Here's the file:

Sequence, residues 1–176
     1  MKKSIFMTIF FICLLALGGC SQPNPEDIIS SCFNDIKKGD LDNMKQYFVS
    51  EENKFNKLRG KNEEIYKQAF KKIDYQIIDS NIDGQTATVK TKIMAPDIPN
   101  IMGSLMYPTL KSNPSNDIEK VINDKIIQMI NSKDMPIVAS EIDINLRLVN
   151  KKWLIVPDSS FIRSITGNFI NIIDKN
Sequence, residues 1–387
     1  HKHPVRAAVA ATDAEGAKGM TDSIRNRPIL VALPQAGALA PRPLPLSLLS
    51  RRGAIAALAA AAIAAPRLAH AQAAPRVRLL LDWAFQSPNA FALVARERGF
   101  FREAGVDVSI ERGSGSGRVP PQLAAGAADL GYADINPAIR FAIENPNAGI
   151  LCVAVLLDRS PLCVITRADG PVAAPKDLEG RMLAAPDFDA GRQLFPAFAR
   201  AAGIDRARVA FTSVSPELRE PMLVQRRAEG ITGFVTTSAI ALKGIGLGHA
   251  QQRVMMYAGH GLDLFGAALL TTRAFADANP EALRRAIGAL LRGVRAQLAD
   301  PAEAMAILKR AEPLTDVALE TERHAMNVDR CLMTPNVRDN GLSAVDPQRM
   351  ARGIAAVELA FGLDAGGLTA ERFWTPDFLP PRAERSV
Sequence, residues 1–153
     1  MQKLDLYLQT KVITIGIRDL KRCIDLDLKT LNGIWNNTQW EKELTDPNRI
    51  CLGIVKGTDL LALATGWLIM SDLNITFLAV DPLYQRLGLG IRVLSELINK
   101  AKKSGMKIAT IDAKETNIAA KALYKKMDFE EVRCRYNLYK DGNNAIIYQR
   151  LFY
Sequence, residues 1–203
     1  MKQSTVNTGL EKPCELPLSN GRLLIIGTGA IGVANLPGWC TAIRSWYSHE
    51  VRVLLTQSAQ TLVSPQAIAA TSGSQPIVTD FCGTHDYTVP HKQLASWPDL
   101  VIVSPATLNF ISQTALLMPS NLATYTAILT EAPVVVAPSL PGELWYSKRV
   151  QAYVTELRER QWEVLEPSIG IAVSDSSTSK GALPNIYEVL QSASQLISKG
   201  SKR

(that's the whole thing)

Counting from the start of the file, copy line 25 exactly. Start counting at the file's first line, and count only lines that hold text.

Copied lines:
   201  SKR